The Grinch and Cindy Lou Who in the New York City production of “Dr. Seuss’ How The Grinch Stole Christmas!” in the Theater at Madison Square Garden. Photo Credit: Running Subway.


From Silver Screen to Broadway:

This holiday season, “The Grinch,” “Elf,” and “A Christmas Story” all jump from the movie screen to the stage.   “The Grinch”  comes to The Theater at Madison Square Garden from Dec. 13 to Dec. 30, directed by Matt August.  “Elf” will be on Broadway at the Al Hirschfeld Theatre from Nov. 9 through Jan. 6, 2013, directed by Casey Nicholaw  and starring Wayne Knight, of the television sitcoms “Seinfeld” and “3rd Rock from the Sun.” “A Christmas Story” features music and lyrics by Benj Pasek and Justin Paul in their Broadway debuts. The show will run at the Lunt-Fontanne Theatre until Dec. 29.


The Festival of (Very Big) Lights:

The World’s Largest Menorah, located at West 59th Street and Fifth Avenue at Central Park’s Grand Army Plaza, will be lit on Dec 8, the first night of Hanukkah this year.   Latkes, which are potato pancakes, and sufganiyot, kosher jelly donuts, will be available for purchase. The 32-foot high, 4,000 pound menorah is the work of Israeli artist Yaacov Agam and is an oil candelabrum whose lamps are protected from the wind by specially designed glass chimneys.  It can only be lit by standing on a cherry picker.   The Menorah has been lit by several New York mayors, including Abraham Beame and Ed Koch.  This year, Michael Bloomberg continues the tradition.


Sing Out:

Handel’s “Messiah” is a holiday favorite in New York City.  This year, the tradition of presenting regular performances and the Sing-In continues as the National Chorale returns to Avery Fisher Hall for its 45th season. The group will also present Beethoven’s 9th Symphony which contains “The Ode to Joy,” and Orff’s “Carmina Burana” which contains the chorus “O Fortuna.”   “The Messiah” also will be presented in standard performances on Dec. 17, 20, and 23 at 8 p.m. as well as a 2 p.m. show on Dec. 23 by The Masterwork Chorus and Orchestra at Carnegie Hall.   The New York Philharmonic offers its performances at Avery Fisher Hall from Dec. 18 to the 22 at 7:30 p.m. in collaboration with The New York Choral Artists.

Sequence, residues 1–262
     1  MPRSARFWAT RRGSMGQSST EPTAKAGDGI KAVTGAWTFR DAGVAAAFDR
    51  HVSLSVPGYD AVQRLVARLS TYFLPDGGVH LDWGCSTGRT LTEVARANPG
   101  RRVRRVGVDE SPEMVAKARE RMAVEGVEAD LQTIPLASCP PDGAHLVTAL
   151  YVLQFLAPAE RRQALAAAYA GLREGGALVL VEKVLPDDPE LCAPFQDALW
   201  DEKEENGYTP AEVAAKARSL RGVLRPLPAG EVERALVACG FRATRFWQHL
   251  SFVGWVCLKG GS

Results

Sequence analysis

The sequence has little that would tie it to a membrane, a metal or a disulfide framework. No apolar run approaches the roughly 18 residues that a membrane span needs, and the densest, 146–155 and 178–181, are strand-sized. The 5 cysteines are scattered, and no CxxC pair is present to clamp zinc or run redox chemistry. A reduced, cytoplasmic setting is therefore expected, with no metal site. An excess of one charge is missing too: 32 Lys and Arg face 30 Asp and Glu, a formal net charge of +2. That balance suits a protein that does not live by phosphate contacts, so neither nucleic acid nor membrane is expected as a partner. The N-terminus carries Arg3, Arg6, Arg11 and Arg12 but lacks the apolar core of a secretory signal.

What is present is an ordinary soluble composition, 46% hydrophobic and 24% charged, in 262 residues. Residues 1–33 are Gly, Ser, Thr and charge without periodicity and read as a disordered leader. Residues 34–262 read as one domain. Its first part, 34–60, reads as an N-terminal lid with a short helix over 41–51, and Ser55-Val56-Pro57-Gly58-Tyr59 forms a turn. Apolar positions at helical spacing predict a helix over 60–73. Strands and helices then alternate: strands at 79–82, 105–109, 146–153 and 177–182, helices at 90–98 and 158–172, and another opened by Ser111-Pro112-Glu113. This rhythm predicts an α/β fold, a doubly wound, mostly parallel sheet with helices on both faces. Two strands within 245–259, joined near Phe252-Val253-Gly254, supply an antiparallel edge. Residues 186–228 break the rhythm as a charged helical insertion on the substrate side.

Churches around the city, including St. Mary’s, are getting ready for the Christmas season. Photo: Sarah Jane.


Religious Tradition:

Christmas Eve, which falls on a Monday this year, prompts various special religious services related to Advent, the month-long preparation Christians make for Christmas.   Saint Patrick’s Cathedral, an iconic 133-year-old New York City church and national landmark on Fifth Avenue, offers a Midnight Mass service presided over by Archbishop Timothy M. Dolan, as well as a Blessing of the Children Virgil mass at 5:30 p.m. on Christmas Eve. Other Midtown West Catholic churches include Saint Mary the Virgin Times Square, with services on Christmas Eve and Christmas Day and caroling at 5 p.m. on the first Sunday after Christmas Day. Saint Francis of Assisi, on West 31st Street, is also the National Shrine of Saint Anthony, and offers services in Korean.  St. Francis church had a Night Worker’s Mass that was instituted in 1904 for workers who could not attend Mass during the day on Sundays, stopped once the Saturday Vigil Masses began in the 1970’s.  Their Christmas Day and Eve masses are at 8 a.m. and 11 a.m.